Commenting on Med Hotels’ successful appeal at the Upper Tax Tribunal, announced on Friday 29 July, Alan McLintock, indirect tax director at KPMG in the UK, said:
“The decision is a strong win for the travel sector and absent a successful appeal, it is difficult to see what HMRC’s future strategy will be for the travel sector going forwards.”
“This is a key decision for the travel industry as a whole and provides some degree of certainty for travel businesses operating similar business models. However an appeal by HMRC cannot be ruled out which would in turn create further delay before the issue is finally resolved.”
“Not every travel company will greet the news with pleasure. Many UK based tour operators that incur a TOMS cost have viewed agency structures as giving their competitors an unfair VAT advantage. These tour operators may now start to consider how they can become more VAT efficient.”
“Travel companies need to remain vigilant in ensuring VAT is being actively managed with VAT effective contract wording”.
Details of the case
Med Hotels has won its appeal to the Upper Tribunal that it acted as a disclosed agent in the supply of accommodation booked through its website. Therefore, it was not in the Tour Operators Margin Scheme (“TOMS”). HMRC had previously successfully argued at the First Tier Tribunal (“FTT”) that Med Hotels was an undisclosed agent buying in and selling on the hotel room and accordingly should account for TOMS VAT out of its margin.
The decision by Mr Justice Morgan is a strong win for Med Hotels. Almost every point considered by the earlier First Tier Tribunal in finding for HMRC has been overturned or discarded as not being relevant.
Med Hotel’s win poses a significant challenge to HMRC’s whole approach to the travel sector which has largely focused on attacking what it has perceived as being abusive agency structures. Absent a successful appeal, it is not entirely clear what direction HMRC’s future strategy will take.
HMRC has been challenging a number of similar operators following their initial win at the FTT. While this recent decision is excellent news for these travel businesses, it does not necessarily mean that HMRC will automatically drop their cases, particularly if they decide to appeal Med Hotels further.
Lord Justice Morgan noted in his decision that:
“It seems to me that the FTT [First Tier Tribunal] was persuaded by the Commissioners to approach the question in an impermissible way. “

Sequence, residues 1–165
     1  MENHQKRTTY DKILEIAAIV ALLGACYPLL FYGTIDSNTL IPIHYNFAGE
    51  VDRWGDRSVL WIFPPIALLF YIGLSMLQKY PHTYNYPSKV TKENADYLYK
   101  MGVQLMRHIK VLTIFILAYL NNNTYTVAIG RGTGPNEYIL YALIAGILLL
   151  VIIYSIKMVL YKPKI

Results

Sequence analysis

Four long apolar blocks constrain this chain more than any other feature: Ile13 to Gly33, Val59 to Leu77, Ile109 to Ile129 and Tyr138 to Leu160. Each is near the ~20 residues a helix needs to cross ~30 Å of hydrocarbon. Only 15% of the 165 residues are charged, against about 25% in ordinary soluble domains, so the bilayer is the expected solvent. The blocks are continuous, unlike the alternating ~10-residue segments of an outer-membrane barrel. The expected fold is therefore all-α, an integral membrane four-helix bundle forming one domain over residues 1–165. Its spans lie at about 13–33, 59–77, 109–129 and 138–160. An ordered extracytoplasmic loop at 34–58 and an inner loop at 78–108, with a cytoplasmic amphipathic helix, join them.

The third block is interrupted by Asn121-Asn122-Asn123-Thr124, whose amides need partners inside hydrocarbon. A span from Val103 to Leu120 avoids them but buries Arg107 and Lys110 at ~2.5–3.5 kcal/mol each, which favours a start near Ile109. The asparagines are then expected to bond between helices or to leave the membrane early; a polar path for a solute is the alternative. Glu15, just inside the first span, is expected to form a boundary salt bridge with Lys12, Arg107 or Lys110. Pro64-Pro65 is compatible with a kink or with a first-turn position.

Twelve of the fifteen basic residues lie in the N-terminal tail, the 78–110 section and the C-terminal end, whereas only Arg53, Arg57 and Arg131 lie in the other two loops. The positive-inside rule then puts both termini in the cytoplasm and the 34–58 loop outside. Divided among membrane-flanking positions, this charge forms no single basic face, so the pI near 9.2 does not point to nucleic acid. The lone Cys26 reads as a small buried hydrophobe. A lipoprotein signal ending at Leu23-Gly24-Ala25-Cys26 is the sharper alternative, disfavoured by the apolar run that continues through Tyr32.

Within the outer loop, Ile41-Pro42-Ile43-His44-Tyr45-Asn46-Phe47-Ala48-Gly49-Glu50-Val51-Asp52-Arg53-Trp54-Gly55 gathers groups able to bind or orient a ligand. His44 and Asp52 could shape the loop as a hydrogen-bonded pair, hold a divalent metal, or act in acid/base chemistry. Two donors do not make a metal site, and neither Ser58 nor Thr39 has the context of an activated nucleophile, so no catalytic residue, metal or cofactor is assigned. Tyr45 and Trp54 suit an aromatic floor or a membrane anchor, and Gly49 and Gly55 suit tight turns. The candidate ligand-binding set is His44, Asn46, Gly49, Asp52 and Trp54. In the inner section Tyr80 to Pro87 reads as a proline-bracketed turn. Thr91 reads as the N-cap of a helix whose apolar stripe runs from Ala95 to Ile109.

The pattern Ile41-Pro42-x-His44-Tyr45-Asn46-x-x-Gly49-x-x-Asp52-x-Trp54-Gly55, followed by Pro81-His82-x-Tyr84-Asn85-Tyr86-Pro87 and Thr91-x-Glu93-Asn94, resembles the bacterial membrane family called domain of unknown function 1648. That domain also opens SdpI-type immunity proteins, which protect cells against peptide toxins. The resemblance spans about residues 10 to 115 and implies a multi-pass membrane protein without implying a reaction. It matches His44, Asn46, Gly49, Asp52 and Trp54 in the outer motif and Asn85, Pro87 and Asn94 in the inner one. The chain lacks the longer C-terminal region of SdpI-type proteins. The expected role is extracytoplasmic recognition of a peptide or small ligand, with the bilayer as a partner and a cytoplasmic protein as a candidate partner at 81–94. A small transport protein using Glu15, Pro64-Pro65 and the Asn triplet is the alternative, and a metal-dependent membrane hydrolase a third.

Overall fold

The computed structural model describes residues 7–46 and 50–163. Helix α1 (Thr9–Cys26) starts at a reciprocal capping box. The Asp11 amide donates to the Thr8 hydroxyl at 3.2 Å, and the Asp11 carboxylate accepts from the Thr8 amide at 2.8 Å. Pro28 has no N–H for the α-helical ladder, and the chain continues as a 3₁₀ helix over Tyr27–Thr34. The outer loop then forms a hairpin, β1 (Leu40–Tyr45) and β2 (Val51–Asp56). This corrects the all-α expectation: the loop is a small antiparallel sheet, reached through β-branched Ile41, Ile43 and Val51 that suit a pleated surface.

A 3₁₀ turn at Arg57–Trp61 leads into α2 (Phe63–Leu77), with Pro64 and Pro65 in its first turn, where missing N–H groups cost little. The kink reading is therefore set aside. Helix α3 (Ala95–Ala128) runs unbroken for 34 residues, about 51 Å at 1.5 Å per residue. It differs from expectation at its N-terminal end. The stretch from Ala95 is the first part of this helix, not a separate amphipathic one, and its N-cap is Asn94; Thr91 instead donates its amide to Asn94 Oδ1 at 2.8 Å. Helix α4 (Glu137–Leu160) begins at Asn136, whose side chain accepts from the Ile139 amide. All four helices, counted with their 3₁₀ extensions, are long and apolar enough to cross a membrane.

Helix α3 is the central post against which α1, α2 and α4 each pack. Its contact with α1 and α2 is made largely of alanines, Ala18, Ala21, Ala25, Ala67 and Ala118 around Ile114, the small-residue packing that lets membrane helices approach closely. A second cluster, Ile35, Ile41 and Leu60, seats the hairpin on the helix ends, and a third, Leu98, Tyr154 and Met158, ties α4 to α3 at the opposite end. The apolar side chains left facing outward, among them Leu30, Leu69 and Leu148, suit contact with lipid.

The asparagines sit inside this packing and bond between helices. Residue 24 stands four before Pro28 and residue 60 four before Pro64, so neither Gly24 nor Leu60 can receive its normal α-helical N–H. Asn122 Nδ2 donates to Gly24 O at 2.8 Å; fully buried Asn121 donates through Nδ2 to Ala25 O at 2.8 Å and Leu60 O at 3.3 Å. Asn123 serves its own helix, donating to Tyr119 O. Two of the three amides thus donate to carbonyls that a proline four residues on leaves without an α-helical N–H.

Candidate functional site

“The FTT appears to have lost sight of the point that it was common ground that the written agreements were not shams and their legal effect was to be arrived at by a process of construction of their express terms. “
“The FTT does not seem to have applied conventional principles as to the construction of written agreements.”
“Finally, it seems to have regarded anything which could be argued to be inconsistent with an agency relationship as far more weighty than the many matters which pointed unambiguously towards an agency relationship.”
In arriving at his decision the Lord Justice focused initially on the information and booking conditions seen by and entered into by the customer through the Med Hotels web site as this would indicate who the customer was entering into contract with. He then considered the legal agreement entered into between the Hotels and Med Hotels and in both sets of contracts found them to be one of agency where the customer was entering into a contract for the supply of rooms with the accommodation provider and not Med Hotels. In KPMG’s view it is critical that companies have effective VAT sensitised contracts and a common issue on KPMG VAT reviews for travel clients remains the use of imprecise or unhelpful contract language especially on older agreements.
What does the loss mean for HMRC?
According to KPMG in the UK, one outcome could be HMRC deciding to push much more aggressively for a review of the TOMS regime at EU level; an initiative that has been stalled for a number of years. Another might be to pursue agency cases on wider anti avoidance grounds that the agency structures only purpose or one of its main purposes was to avoid VAT, as this was not argued by HMRC in Med Hotels. This approach however may or may not be any more successful in the Courts than the agency challenge.
For further information please contact:
Margot Cowhig, KPMG Corporate Communications
Tel: 0207 694 4246 Mobile: 07920 274856: firstname.lastname@example.org
KPMG Press Office: 0207 694 8773
Notes to editors.
KPMG LLP, a UK limited liability partnership, is a subsidiary of KPMG Europe LLP and operates from 22 offices across the UK with nearly 11,000 partners and staff. The UK firm recorded a turnover of £1.6 billion in the year ended September 2010. KPMG is a global network of professional firms providing Audit, Tax, and Advisory services. We operate in 150 countries and have more than 138,000 professionals working in member firms around the world. The independent member firms of the KPMG network are affiliated with KPMG International Cooperative ("KPMG International"), a Swiss entity. KPMG International provides no client services.